The 3D-printing hype has been ongoing for the last couple of years. We can now print impressive food creations as well as complex medical implants, so what about scaling things up a notch and use the technology to provide the poor people of the world with affordable housing? This scenario might be viable sooner than you may think.
We have several times already heard about 3D-printed houses, but reports generally regard houses built from 3D-printed parts. Moreover, no matter how impressive creations the printers can provide, the materials that are used in the process are often carrying with them implicit negative attributes in terms of cost and availability. However, these facts create opportunities for some go-ahead folks.
Actually, the Italian social venture WASP (World’s Advanced Saving Project) is currently developing a large but portable 3D-printer which prints bio-architecture houses. The solution carries with it numerous applications, since it can construct facile housing (resembling igloos to some extent) without any necessity for constructional knowledge. However that is not all, fascinatingly enough it complements the clever design by utilizing mud (!) as building material.
In many parts of the world where affordable housing shortages are a growing problem, mud remains the most affordable and widely available raw material. This is what makes the solution stand out even more, since it is produced with a quite admirable agenda. The local soil of the world’s less fortunate regions could be sifted and mixed with water, and by adding some local binding material (for instance wool or tamarind) the printer would be good to go.
According to Springwise, the portable 3D printer stands 20ft (six meters) and can be assembled on site, by two people in two hours and print structures up to 10ft (3 meters) high. For now, the company has been demonstrating their process with the scaled down version of the printer (see the attached video from the Rome Maker Faire below, which is a bit longer than the one at the top).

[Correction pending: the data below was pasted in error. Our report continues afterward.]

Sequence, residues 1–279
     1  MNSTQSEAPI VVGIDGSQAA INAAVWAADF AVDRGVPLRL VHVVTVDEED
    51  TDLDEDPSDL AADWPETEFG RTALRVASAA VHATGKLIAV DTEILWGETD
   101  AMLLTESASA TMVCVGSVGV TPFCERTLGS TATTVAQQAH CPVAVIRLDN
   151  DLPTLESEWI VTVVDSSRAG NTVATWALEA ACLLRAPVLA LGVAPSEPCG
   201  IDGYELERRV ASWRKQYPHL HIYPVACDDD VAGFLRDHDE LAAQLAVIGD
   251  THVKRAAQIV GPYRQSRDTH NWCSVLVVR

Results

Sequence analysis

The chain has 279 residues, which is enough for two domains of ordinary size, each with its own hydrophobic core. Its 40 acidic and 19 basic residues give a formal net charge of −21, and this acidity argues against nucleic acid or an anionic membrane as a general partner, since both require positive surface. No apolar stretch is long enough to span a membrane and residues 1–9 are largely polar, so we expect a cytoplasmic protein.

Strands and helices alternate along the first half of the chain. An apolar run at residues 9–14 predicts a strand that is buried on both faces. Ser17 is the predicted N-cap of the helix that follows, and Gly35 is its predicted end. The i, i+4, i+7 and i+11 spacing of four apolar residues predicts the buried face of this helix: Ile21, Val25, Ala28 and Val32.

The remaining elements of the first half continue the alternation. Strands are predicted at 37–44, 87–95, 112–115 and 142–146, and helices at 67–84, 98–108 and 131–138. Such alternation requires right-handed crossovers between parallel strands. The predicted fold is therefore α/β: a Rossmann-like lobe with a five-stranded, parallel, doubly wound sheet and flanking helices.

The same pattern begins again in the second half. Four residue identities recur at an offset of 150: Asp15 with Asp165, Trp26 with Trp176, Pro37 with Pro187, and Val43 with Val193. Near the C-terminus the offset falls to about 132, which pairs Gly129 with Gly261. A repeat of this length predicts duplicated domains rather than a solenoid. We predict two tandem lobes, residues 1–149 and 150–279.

Again, we see a company that has been inspired by nature in creating its impressive solution. This is frequently referred to as biomimicry in popular words, and for further reference Mistbreaker recently featured another article regarding a similarly induced process titled “Tree-shaped Wind-turbines shows Biomimicry at its Best”, if you would like to check it out. Whereas that article contains a description of an energy company mimicking leaves, the startup behind the 3D-printed houses were inspired by the bio-architecture of the mud dauber wasp which builds its home entirely from mud.
As reported by ZME Science, a house can be 3D-printed in a couple of weeks for very low prices. Thanks to clay printing, it is possible to conduct real self-made production that is practical and apt for commercialization. We surely hope that this invention will find its place in the world – just imagine how NGOs could deploy them where it is necessary on our sometimes chaotic planet. In a world where poor people are continuously subjected to the disastrous forces of global warming, as well as earthquakes and tsunamis, innovations like this could actually make a powerful contribution in sheltering the victims in comparably dignified ways and provide a step in rebuilding the affected communities.